Abbotsford MLA Bruce Banman had been stewing about his future in the Opposition BC United for months before the stunning announcement this week he was defecting to the BC Conservative Party.
A growing distance between colleagues, dissatisfaction with the leader and an unhappiness at being told how to vote had left Banman quietly seething. Then, a chance meeting with Conservative leader John Rustad at an Indo-Canadian youth event in Abbotsford last month led to an exchange of phone numbers and the start of official talks in early September.
All of that culminated Wednesday with Banman crossing the floor, giving the BC Conservatives two MLAs and official party status at the legislature for the first time in decades.
Banman said he was angry at being told by BC United brass he had to support a motion in the house to denounce the freedom convoy on April 17.
“I was told that if I was not in favour of that vote, that I should leave the building when the vote happened,” said Banman.
So he walked out.
But Banman said he immediately thought about his grandparents, who escaped the Russian revolution and immigrated to Canada where they often told him they appreciated the freedom to speak their minds without fear of retribution.
“I just thought how ashamed my grandparents would be that here I’d had an opportunity to stand up,” he said. “And I regret the decision. I wish I’d stayed and I wish I had broken party lines and voted against it.”
The freedom convoy motion was all political theatre, a non-binding private members’ motion engineered by the NDP to test whether right-leaning BC United members would break ranks with leader Kevin Falcon’s position against the anti-vaccine protest in Ottawa.
Though it didn’t appear to work at the time, the move clearly had unseen ramifications.
“I've got a lot of diverse opinions in my riding,” said Banman, who was elected in Abbotsford South in 2020. “I found it increasingly difficult to be able to get up and bring those concerns to the floor of the legislature because it may not have fit into what was politically convenient, or even politically correct in some cases. And that, to me, is the hallmark of democracy.”
BC United Leader Kevin Falcon on Wednesday described Banman as “an ongoing management challenge.” Others privately said Banman had grown distant from caucus and was not well-liked by some of his colleagues.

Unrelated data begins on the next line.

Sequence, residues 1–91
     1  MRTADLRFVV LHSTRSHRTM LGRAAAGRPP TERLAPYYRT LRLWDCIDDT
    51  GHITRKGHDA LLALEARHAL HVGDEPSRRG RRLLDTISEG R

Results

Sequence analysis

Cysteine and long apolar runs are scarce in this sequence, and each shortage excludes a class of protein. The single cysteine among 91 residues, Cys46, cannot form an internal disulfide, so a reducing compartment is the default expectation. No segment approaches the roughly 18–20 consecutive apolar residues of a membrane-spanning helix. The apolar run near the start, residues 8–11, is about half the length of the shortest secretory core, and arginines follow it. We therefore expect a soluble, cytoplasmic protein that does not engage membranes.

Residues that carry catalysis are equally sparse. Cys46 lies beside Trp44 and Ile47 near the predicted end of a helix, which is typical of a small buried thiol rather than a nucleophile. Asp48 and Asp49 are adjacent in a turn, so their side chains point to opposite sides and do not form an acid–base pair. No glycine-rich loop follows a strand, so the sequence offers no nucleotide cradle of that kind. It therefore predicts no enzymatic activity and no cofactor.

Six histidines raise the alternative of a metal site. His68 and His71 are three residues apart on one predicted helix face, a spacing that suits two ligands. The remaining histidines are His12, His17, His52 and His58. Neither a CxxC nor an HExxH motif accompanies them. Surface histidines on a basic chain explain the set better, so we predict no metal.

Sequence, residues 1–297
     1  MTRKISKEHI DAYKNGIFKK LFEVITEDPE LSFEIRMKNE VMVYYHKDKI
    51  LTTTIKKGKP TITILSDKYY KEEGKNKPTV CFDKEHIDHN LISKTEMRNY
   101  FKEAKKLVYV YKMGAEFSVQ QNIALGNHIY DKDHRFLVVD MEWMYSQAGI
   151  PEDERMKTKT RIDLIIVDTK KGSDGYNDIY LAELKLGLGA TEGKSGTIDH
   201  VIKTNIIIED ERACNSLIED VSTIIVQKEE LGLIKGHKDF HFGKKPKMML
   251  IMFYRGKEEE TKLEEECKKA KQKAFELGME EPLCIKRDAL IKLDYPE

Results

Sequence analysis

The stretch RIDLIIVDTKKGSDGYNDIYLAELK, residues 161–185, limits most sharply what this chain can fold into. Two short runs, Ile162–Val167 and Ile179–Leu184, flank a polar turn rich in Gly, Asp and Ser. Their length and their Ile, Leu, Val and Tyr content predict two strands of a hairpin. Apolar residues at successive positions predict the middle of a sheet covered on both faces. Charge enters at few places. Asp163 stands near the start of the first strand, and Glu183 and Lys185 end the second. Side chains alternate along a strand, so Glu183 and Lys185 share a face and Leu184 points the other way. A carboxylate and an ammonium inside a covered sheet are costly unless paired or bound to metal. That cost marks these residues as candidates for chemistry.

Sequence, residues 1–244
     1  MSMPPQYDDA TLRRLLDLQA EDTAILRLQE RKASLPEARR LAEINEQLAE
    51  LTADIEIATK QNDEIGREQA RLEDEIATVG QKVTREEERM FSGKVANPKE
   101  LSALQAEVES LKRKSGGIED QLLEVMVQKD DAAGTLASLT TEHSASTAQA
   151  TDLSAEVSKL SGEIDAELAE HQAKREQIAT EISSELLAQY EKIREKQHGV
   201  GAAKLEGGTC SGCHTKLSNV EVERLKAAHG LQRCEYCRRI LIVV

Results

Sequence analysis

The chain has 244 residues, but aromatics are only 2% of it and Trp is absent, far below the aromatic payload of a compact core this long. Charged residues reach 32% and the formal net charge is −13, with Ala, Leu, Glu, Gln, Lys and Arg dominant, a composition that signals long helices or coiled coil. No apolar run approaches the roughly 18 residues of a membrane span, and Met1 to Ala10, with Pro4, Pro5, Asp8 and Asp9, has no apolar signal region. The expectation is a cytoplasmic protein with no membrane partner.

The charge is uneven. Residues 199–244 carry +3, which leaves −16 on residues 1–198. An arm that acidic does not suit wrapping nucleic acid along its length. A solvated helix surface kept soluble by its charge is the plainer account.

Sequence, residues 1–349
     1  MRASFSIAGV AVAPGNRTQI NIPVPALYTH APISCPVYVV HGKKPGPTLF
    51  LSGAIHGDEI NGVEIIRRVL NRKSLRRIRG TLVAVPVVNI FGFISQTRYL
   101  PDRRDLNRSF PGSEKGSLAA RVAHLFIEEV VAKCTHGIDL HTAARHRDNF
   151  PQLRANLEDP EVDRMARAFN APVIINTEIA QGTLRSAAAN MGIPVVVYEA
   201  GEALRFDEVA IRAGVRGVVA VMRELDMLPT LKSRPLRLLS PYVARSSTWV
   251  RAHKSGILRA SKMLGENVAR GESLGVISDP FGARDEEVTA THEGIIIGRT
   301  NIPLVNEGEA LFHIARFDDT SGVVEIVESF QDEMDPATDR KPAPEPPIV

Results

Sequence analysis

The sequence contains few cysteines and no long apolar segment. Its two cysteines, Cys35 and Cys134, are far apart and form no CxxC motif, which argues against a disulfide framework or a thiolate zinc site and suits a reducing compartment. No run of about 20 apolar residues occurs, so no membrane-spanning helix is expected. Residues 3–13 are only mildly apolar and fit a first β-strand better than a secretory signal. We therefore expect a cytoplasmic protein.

“I would just remind you, as I reminded Bruce, to look at the history of the MLAs that have done this in the past in British Columbia — it has in every single case ended up to be political suicide,” Falcon said of the move to switch parties.
“And I reminded him of that, and that's the decision he made. And that's the decision he'll have to justify.”
Banman is now the third consecutive MLA from Abbotsford South to defect mid-term — giving the riding a bizarre claim to fame in B.C. political trivia.
Previous MLA Darryl Plecas quit the BC Liberals in 2017 to become the NDP government’s Speaker of the legislature. Prior to that, John van Dongen quit to join the BC Conservatives in 2012, and then lost in the next election.
Banman said he’ll accept his fate with voters who thought they were supporting a BC United candidate in 2020.
“They’ll have a chance on whether this was the right move or not,” he said. “They’ll have a chance to put their mark on a ballot and say, ‘You know what Bruce, you did the right thing,’ or ‘You know what Bruce, we disagree with you.’
“And that’s okay, too. That’s democracy.”
In the meantime, Banman said he craves the freedom to speak his mind, without fear he might be punished for contradicting the party leader.
“To think that a bunch of politicians in a room have to agree on everything, or in a party, it’s just crazy, it’s nonsensical,” he said.
Rustad said he’s continuing to welcome any other unhappy BC United MLAs to cross the floor, saying he’ll give them space and room to air their viewpoints. Whether he can lure any more over remains one of the most hotly-debated questions in B.C. politics right now.
Banman’s defection will give the legislature four officially-recognized political parties for the first time in recent memory. It means the BC Conservatives will get access to hundreds of thousands of dollars in additional funding for staff and research, as well as salary top-ups for Rustad and Banman as the recognized party leader and house leader respectively.
The Conservatives will soon wield the same resources, positions on parliamentary committees, and status as the BC Greens.
Falcon dismissed suggestions Wednesday the departure is a mark against his leadership. But he also held an emergency caucus meeting to try and calm his troops, some of whom were already spooked at last week’s Mainstreet Research poll suggesting enormous gains by the BC Conservatives that are eclipsing BC United.
Rustad and Banman hinted more defections could be possible.
“I’ll tell you this, when it comes to certain issues I’m not the only one that maybe is out of step with some of the ideas of the rest of the crowd,” said Banman.
“The rest of my (former) caucus, I will leave that up to them to decide. All I will say is, hey you want to vote your conscience? Come on over. We got room for you.”
Rob Shaw has spent more than 15 years covering B.C. politics, now reporting for CHEK News and writing for Glacier Media. He is the co-author of the national bestselling book A Matter of Confidence, host of the weekly podcast Political Capital, and a regular guest on CBC Radio. firstname.lastname@example.org